Social media makes it easy to find partners. Most companies and nonprofits have some form of social media. Plus, because they offer cheap advertising and direct consumer contact, corporate sites are monitored closely by internal marketing and communications department personnel.

Once you identify companies you’d like to partner with, check out their social media accounts, such as Facebook, Instagram, LinkedIn, and Twitter.

If you use their products, tag them in your post. Use the same hashtags as the companies because these are the hashtags they and others like them follow. Even if do not use their products, follow these steps and post about your success. Will this work? Yes! Because companies want you to use their products and serve as a third-party influencer for them!

Check out who companies follow and who follows them, which is a great way to learn more about their industry.

Company Website

Research whether companies have a development or community outreach officer. If this position isn’t listed on their website, conduct a search on LinkedIn. Ask a sales representative for a contact in the community development department. Sales representatives are always a great go-to.

They WILL Contact You

Third-party partners are desperate to gain access to schools because it looks good on their balance sheet as “community goodwill.” Having you as their contact person makes their jobs easier. To get their attention, follow the steps listed under social media above.

Cultivating a Relationship With Your Third-Party Partner

Relationship is the correct word. Third-party partners should not be viewed as clients or a clinical transaction because you will need them to advocate for you. More on that later.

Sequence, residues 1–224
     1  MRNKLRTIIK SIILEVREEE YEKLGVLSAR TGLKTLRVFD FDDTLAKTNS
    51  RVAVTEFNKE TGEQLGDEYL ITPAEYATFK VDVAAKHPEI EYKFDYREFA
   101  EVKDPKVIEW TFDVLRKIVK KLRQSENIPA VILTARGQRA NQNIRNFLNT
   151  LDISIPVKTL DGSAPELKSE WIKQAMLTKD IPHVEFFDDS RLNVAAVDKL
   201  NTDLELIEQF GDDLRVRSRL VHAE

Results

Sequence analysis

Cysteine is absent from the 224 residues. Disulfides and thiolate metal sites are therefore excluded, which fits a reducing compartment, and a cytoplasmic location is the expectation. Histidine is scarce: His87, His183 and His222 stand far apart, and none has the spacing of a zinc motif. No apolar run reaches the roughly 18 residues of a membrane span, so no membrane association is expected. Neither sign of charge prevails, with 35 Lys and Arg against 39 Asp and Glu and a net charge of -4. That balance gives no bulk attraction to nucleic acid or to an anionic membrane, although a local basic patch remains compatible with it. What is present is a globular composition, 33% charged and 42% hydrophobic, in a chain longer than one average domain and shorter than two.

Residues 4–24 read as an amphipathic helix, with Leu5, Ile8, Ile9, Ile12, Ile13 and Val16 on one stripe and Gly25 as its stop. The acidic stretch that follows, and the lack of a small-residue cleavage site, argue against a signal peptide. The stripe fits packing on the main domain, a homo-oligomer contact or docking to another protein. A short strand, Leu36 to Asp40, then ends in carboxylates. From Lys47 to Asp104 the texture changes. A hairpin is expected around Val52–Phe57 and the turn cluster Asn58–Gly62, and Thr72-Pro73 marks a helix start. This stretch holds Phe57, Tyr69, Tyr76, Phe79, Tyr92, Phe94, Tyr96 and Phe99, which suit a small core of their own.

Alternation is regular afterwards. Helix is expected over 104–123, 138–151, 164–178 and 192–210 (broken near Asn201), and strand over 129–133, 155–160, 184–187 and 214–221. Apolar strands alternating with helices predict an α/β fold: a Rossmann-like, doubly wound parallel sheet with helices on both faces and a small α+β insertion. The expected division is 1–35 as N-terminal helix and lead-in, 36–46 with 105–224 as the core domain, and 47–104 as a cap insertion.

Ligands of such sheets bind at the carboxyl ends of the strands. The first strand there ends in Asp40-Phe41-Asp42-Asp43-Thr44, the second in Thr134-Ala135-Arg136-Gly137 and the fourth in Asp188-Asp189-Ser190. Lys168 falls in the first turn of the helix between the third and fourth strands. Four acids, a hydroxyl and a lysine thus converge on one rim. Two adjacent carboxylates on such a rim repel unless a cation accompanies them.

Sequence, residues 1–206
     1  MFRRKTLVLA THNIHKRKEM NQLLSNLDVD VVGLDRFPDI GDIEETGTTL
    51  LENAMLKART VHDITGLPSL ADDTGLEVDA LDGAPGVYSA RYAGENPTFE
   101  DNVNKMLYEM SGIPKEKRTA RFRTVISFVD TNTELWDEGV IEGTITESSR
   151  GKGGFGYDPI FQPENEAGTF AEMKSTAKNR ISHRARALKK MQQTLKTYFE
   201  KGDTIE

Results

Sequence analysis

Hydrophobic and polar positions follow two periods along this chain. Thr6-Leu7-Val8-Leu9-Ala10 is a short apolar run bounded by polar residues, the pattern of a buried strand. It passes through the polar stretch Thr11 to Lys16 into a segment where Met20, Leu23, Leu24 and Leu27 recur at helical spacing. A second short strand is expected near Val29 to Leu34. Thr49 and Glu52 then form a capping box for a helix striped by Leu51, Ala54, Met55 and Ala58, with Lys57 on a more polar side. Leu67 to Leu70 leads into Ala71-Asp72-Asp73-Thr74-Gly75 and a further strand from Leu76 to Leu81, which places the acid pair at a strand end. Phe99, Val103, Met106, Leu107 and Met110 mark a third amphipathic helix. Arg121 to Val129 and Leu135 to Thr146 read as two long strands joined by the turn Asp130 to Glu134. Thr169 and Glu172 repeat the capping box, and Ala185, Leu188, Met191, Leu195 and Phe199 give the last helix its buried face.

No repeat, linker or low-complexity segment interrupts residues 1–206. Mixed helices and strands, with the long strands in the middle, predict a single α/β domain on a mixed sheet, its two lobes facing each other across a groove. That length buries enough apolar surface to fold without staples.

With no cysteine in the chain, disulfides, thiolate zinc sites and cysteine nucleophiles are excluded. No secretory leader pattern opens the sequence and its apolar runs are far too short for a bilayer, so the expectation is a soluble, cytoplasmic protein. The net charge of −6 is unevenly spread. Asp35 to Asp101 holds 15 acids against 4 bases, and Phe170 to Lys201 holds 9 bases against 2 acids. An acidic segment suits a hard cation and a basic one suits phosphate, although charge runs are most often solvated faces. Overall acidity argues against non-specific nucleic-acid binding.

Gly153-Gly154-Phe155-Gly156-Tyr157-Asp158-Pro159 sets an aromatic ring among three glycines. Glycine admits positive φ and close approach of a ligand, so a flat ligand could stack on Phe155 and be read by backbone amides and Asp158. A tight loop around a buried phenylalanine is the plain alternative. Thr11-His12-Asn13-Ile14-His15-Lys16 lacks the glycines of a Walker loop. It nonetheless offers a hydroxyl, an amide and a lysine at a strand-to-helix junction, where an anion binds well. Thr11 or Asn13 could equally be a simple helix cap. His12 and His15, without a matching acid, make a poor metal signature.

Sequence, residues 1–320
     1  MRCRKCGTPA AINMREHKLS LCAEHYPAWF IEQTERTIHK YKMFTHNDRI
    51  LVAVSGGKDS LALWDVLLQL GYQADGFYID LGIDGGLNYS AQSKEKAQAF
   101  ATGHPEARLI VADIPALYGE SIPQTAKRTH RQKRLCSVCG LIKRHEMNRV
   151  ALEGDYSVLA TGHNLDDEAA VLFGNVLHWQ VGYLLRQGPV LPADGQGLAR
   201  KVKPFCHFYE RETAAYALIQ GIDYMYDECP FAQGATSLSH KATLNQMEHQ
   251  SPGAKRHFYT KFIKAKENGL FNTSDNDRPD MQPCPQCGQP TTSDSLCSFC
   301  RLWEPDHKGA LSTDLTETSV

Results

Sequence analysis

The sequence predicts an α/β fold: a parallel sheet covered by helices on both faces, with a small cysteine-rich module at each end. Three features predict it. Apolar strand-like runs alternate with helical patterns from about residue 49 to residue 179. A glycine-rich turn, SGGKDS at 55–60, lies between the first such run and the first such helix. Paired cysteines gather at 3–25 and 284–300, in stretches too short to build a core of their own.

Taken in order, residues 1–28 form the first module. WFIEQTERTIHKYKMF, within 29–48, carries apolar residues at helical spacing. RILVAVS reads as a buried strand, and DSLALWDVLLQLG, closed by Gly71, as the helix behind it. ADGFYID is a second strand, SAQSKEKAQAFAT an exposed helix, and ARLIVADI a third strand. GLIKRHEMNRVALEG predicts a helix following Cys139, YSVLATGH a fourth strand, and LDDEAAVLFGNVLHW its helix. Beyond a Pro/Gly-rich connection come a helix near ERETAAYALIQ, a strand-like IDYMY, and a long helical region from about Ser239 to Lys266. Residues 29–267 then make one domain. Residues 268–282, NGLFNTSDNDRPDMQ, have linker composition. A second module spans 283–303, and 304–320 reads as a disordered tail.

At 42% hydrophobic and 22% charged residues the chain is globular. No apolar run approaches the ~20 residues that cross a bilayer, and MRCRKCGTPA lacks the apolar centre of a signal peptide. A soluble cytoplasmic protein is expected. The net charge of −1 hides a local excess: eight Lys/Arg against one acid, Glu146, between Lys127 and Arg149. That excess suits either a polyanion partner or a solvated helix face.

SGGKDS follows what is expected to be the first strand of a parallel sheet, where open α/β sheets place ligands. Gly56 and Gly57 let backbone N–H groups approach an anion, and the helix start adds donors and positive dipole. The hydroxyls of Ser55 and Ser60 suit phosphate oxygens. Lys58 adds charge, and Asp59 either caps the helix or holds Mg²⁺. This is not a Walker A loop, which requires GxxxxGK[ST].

Now that you’ve made contact, what do you say? How do you make the pitch? Well, the pitch is easy if they contact you, but if you contact them, I suggest the WIIFT method: “What's in It for Them?” The most effective way to do this is to create a T-Chart. On the left side, list classroom or school needs and mission statement. On the right side, list partner needs and mission statement. State how this partnership will help them meet their needs. If you are going after a for-profit company, it is prudent to state how you can contribute to its bottom line. Do you have a solid social media following? Do you have influence in your district? Will you promote its products?

STOP!! A word of caution: having a third-party partner is nice and there can be great rewards for your school or classroom; however, you should never create a need to gain a partner. The rule is to find a partner that meets an existing need.

A no is not always a no. It may be a “not right now.” Keep posting and tagging. Trust me; they are watching. If you get a yes, it is time to set goals. During your initial meeting, agree on what the partnership will look like, what needs will be met, and most importantly, the frequency of check-ins. Be realistic in these meetings; what can you honestly commit to? (I know a teacher should not end a sentence with a preposition, but in this instance, it works.) You don't want to create more work for yourself, and this is a partnership. You are not an employee.

Maintaining the Partnership

The most valuable thing you can do is publicly brag about the benefits of the partnership. If you can gain coverage via your school or district's social media, you will have struck GOLD and OIL! Publicity is currency. If you can gain news coverage with a feel-good article about the partnership, you will have a friend for LIFE! During your touch-base meetings, discuss how both parties are progressing on the agreed-upon goals. Be honest with yourself; if the partnership is not working, that is okay. Remember, as an entrepreneurial teacher who is a CEO, you still have to teach.